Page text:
- A "cold" external hard drive wallet that keeps your assets protected offline.
- A "cold" wallet with your keys written down on a piece of paper.
Which type of wallet you choose is ultimately down to personal preference. Amateur investors may find an integrated online "hot" wallet to be the most efficient and user-friendly, but these often require you to provide ID in order to set up, so those attracted to the anonymity of cryptocurrency may prefer an alternative. If you would prefer not to have an online wallet, you can opt to purchase a USB-type hard drive "cold" wallet to store your keys externally, or simply note them on a piece of paper for safekeeping.
For more advice on the different types of cryptocurrency wallet, and which one would work best for you, make sure to visit our article "What is a cryptocurrency wallet?".
Step 2: Choose an exchange platform
Once you have set up a wallet or chosen an exchange to store your digital assets, your next step is to select a bitcoin exchange provider to buy your bitcoin from. If you have opted not to set up your own wallet separately, then you may find it easiest to simply use the wallet provided by the exchange that you choose to trade on.
There are dozens of cryptocurrency exchanges to choose from - such as Coinbase, Gemini and Kraken - but each platform has its own unique features. The fees charged by different exchanges can vary widely by the type of cryptocurrency you are trading, the type of transaction you are undertaking, the type of payment method you are using, and where you are in the world.
Make sure to check the small print for your chosen exchange so you do not encounter any nasty hidden costs, and read our article on how cryptocurrencies are regulated to find out if the one you are considering is permitted to trade in the UK by the Financial Conduct Authority (FCA).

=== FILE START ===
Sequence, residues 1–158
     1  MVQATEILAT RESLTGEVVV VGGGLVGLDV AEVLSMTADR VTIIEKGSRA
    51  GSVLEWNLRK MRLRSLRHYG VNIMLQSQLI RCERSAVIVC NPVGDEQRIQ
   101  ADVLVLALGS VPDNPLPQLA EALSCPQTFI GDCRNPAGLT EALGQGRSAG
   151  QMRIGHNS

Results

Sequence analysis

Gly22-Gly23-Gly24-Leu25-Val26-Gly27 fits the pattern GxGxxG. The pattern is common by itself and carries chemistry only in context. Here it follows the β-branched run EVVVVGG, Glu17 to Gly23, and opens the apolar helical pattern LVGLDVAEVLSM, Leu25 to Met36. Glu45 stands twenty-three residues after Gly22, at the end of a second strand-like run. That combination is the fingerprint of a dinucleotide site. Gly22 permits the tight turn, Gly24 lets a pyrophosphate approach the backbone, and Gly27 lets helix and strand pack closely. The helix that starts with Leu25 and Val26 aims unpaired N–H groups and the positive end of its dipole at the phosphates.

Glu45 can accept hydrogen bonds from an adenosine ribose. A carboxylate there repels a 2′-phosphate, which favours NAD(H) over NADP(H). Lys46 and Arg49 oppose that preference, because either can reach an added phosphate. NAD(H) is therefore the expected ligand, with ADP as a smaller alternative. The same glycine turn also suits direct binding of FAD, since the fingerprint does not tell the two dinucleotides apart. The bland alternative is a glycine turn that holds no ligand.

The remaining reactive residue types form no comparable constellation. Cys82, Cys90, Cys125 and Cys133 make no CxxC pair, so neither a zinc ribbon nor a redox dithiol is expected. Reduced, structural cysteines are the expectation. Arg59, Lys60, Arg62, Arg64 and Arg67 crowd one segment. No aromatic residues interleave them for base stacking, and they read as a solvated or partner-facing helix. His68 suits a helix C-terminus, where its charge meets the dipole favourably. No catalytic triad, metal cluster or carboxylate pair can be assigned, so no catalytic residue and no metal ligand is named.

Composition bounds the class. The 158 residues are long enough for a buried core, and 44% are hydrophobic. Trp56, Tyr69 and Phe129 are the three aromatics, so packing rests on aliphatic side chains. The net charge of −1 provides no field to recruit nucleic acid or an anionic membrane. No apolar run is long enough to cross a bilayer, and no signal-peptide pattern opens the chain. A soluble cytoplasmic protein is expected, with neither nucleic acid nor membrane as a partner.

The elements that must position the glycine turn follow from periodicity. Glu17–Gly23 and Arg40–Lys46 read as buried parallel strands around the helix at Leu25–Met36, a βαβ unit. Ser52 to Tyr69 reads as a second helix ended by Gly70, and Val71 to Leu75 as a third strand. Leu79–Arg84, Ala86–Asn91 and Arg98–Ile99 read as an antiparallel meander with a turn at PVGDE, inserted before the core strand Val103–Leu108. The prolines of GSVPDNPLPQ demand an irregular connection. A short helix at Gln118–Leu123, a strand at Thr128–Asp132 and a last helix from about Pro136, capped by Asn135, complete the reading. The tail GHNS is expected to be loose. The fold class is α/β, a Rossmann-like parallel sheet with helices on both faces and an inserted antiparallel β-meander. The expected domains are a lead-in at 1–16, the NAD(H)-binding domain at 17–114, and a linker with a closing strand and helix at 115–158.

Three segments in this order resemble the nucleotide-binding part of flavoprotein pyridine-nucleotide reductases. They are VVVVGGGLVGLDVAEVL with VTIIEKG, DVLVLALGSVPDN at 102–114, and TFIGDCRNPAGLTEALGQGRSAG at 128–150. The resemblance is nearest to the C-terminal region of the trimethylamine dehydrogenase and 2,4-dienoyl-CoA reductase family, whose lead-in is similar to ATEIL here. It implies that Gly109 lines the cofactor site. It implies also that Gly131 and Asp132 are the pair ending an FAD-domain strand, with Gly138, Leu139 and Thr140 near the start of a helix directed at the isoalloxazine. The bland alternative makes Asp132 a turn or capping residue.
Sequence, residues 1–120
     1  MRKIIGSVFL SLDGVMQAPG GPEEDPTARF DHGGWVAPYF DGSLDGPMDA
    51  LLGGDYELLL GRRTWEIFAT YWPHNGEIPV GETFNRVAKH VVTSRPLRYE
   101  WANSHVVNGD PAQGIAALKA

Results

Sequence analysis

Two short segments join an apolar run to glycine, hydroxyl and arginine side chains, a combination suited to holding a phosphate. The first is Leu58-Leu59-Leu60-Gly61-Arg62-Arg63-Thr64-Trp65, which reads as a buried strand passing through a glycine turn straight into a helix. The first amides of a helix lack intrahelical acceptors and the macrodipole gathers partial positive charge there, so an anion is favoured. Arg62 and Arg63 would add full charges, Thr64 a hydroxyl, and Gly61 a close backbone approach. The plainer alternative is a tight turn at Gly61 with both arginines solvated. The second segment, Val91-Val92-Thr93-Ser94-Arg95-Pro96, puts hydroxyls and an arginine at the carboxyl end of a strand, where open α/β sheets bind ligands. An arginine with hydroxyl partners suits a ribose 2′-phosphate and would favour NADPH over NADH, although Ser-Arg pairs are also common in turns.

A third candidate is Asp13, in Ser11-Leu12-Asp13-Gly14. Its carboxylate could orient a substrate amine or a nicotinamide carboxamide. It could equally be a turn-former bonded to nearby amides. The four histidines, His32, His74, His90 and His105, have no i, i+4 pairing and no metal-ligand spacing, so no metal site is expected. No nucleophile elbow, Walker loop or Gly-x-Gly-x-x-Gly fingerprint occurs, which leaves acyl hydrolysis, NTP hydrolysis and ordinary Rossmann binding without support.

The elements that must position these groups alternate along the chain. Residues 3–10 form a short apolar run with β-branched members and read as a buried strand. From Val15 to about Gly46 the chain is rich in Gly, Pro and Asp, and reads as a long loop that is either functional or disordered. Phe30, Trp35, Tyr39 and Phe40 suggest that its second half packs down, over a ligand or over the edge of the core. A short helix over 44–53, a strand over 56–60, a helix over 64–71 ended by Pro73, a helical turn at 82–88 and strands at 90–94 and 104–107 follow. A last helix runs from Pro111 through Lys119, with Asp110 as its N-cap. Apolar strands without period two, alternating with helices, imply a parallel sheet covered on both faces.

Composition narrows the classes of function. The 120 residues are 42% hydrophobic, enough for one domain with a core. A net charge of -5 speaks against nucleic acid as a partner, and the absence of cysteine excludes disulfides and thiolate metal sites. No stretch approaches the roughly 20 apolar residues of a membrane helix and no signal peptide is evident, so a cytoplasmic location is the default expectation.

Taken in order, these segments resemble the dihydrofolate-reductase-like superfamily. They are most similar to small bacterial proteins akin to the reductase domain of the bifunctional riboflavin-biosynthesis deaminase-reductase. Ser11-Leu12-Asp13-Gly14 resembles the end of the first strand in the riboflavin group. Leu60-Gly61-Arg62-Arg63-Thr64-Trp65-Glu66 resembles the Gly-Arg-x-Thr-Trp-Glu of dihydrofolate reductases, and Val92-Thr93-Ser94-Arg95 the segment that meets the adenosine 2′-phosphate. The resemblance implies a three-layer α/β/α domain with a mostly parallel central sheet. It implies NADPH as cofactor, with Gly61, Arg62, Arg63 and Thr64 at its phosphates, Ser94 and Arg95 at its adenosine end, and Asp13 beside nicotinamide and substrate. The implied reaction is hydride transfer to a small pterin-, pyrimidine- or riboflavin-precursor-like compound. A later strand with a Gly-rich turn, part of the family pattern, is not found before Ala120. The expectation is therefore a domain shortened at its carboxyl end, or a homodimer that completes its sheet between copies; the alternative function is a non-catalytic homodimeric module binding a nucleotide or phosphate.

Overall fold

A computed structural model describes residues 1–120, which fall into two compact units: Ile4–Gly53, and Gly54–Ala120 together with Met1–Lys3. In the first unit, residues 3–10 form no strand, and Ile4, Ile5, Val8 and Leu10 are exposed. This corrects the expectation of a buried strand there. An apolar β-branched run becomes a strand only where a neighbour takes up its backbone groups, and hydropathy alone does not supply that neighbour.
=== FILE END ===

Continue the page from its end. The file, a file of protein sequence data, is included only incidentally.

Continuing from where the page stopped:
You can check out our list of the best cryptocurrency exchange platforms in the UK here.
Step 3: Create an account
Once you have decided on a cryptocurrency exchange to use, you'll need to register and complete security checks before you can purchase any bitcoin. The exact requirements will vary from one exchange to the next, but usually you must go to the exchange’s website homepage and click on 'register' to set up an account. Once you enter your email address and choose a password, the exchange will send you a confirmation email to authenticate your identity. After all of this has been verified, you will be taken to the dashboard page of your new cryptocurrency exchange account.
Step 4: Complete security checks
From your cryptocurrency exchange dashboard, there will usually be a few more steps to complete before you can start buying bitcoin. These steps vary between different exchanges, but you will normally have to satisfying certain anti-money laundering criteria and the ‘Know-Your-Customer’ rules of the country in which your exchange is located.